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Nobody should feel excited about the renewed relevance of Hannah Arendt's work today. Her foresight about the fragility of democratic life is relevant for the worst possible reasons: populism, white supremacy, mass deception, the rise of fascism around the world, the coordinated assault on serious journalism, academia and any kind of responsible thought. Really, there's no reason to celebrate why the great analyst of totalitarianism, fascism, and anti-democratic forces and a thinker "in dark times" is so timely today.

But Arendt also insisted, in the preface to her 1968 collection of essays, “Men in Dark Times”: “Even in the darkest of times we have the right to expect some illumination.”

The philosopher Richard J. Bernstein is the author of Why Read Hannah Arendt Now (Polity, 2018). He met Arendt first in 1972, when he was a young professor and three years before her death. He explained to me why Arendt’s work should be read today with renewed urgency, because it provides illumination into the forces that shape our present. Instead of a dry academic exposé, I got a moving anecdote about his first meeting with Arendt ("the most intellectually exciting and erotic meeting") and a lucid yet impassioned explanation of Arendt's analysis of politics and of the human condition.

Bernstein is an American Philosopher who teaches at The New School in New York City, and has written extensively on American pragmatism, political philosophy, the Frankfurt School thinkers, the question of evil, on Jewish identity, and other topics. He is a public intellectual in the best sense of that word by taking thoughtful and principled positions on a range of issues that concern us all. His Why Read Hannah Arendt Now? is a succinct introduction to key themes in Arendt's work.

Uli Baer is a professor at New York University. He is also the host of the excellent podcast "Think About It"

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Nov 20 2019

58mins

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Rank #13: Nicholas De Villiers, “Opacity and the Closet: Queer Tactics in Foucault, Barthes, and Warhol” (University of Minnesota Press, 2012)

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In his book, Opacity and the Closet: Queer Tactics in Foucault, Barthes, and Warhol (University of Minnesota Press, 2012), Nicholas de Villiers takes up an examination of the work of the three titular authors as a way of understanding their queerness and more specifically, how each man subverted the “in-and-out of the closet” paradigm. De Villiers devotes ample time to each man, however I found his thoughts on Foucault and Barthes of particular importance as both have come to be so deeply associated with postmodernism, poststructuralism, and queer theory. It is safe to say that Foucault is in large part responsible for the theoretical and philosophical foundations of what we know of today as queer theory and queer studies. This fact makes Foucault’s own relationship with his “out” sexuality all the more fascinating and de Villiers does a great service to Foucault, showing that Foucault himself subverted the “in-and-out of the closet” paradigm and society’s need to ferret out and make known our sexualities. While many scholars, academics, and cultural critics have criticized Foucault for his “silence,” de Villiers’s work suggests that Foucault’s life was a practice in complicating and disrupting the immense societal desire to see homosexuality expressed in one sanctioned way. De Villiers work here is deep, insightful, and refreshing in its attempt to offer an alternative to “suspicious reading.” I do hope you enjoy our conversation.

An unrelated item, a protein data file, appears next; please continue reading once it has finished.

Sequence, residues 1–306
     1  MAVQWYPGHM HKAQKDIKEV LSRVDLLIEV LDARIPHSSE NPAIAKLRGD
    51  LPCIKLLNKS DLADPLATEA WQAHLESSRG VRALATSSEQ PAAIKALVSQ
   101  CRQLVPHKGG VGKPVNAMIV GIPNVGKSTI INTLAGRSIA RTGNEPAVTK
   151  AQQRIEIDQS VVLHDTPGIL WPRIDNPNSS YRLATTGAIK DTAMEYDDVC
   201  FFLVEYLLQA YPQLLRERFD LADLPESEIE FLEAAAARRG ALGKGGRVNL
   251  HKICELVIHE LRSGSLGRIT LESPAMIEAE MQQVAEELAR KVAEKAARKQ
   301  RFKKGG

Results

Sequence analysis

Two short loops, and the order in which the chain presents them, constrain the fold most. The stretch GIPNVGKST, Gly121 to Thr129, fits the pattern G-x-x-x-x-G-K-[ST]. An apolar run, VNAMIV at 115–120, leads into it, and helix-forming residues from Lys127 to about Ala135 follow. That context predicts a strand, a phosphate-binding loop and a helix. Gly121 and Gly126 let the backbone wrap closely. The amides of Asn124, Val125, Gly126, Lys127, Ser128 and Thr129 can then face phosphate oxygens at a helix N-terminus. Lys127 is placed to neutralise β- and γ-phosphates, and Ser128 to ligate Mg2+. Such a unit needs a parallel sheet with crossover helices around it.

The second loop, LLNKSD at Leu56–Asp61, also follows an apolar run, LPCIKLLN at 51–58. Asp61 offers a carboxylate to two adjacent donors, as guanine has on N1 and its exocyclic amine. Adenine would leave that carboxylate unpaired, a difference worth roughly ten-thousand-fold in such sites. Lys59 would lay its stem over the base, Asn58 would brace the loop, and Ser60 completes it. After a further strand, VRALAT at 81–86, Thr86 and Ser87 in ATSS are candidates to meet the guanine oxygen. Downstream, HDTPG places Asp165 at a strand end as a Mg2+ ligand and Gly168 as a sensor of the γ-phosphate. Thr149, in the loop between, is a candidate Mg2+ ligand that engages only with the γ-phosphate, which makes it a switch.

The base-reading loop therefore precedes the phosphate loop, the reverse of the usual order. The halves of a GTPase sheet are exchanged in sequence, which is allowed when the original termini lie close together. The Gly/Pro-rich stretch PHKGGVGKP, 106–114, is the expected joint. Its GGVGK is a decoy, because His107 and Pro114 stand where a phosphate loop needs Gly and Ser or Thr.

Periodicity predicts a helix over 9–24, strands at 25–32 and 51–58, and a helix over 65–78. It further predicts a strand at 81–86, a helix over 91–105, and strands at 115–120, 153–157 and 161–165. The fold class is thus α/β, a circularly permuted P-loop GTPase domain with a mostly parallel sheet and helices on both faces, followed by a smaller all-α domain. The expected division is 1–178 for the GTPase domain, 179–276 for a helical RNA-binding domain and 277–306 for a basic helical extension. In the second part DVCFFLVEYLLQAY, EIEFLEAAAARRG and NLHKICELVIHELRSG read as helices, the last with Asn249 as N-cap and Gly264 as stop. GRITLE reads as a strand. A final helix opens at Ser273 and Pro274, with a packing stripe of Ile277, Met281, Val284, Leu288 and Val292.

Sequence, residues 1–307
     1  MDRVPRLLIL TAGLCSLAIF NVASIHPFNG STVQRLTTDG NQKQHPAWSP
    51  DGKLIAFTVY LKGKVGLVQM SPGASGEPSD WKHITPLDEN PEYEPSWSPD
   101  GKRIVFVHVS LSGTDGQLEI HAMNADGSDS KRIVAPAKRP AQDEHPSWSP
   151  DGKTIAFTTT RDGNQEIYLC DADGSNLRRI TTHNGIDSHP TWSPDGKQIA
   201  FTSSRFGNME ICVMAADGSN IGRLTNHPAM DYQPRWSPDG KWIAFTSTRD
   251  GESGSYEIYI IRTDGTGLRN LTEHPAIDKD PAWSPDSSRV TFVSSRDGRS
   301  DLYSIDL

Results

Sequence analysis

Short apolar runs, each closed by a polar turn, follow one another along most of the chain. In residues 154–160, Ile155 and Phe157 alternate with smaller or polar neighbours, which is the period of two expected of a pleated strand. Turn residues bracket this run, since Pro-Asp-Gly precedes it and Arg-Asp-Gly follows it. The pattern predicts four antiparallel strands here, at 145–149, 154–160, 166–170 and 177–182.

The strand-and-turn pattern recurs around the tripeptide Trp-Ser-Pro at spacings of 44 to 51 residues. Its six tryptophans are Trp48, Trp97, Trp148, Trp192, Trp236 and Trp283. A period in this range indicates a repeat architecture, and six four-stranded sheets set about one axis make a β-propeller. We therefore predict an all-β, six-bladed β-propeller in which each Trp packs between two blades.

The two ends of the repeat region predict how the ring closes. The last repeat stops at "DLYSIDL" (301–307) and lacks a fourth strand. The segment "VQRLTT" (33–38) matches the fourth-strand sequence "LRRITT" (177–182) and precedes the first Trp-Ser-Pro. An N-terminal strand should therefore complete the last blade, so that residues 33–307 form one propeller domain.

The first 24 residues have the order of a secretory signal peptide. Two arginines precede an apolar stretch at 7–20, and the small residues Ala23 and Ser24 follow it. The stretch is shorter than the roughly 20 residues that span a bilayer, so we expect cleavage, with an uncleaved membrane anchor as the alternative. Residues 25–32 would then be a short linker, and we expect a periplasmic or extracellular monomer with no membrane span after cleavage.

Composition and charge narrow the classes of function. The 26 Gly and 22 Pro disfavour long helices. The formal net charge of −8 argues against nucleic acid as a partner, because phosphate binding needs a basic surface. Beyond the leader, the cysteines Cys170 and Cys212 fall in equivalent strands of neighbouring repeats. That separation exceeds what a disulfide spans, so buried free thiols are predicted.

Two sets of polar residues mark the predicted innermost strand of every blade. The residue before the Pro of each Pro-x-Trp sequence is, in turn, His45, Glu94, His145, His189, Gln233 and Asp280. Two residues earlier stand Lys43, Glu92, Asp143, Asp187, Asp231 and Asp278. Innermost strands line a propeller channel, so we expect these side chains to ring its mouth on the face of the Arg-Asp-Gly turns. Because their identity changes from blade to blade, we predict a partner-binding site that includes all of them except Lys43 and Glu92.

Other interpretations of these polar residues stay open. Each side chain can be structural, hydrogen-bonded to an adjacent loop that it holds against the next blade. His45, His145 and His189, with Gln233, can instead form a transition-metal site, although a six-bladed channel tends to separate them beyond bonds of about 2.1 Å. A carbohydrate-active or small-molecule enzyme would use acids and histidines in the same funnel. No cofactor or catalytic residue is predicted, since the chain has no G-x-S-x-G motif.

Photo Credit: Lauren M. Jones

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Jan 11 2013

57mins

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Rank #14: Ayten Gundogdu, “Rightlessness in an Age of Rights: Hannah Arendt and the Contemporary Struggles of Migrants” (Oxford UP, 2015)

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How does one “rethink and revise the key concepts of Hannah Arendt’s political theory in light of the struggles of asylum seekers, refugees, and undocumented immigrants” (207)? In her new book Rightlessness in An Age of Rights: Hannah Arendt and the Contemporary Struggles of Migrants (Oxford University Press, 2015), Ayten Gundogdu (Political Science, Barnard College) engages this question to explore both a radical critique and radical rethinking of human rights in our age. The book challenges and reimagines central dimensions to Arendt’s thought – rightlessness, the political and the social, personhood, labor and work, and the ‘right to have rights’ – at the same time that it provides incisive analysis of the precarious conditions of and political action by migrants. The book works with Arendt to offer important critiques of a number of aspects of contemporary human rights theory and practice, and ultimately develops an approach to human rights as “political practices of founding.”


John McMahon has recently completed his PhD in Political Science at The Graduate Center, CUNY, and will be Visiting Assistant Professor in the Department of Political Science at Beloit College starting in August 2016. He has been a Fellow at the Center for Global Ethics and Politics at the Ralph Bunche Institute for International Studies at The Graduate Center, which co-sponsors the podcast.

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Jun 26 2016

1hr 11mins

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Rank #15: Bruno Perreau, “Queer Theory: The French Response” (Stanford UP, 2016)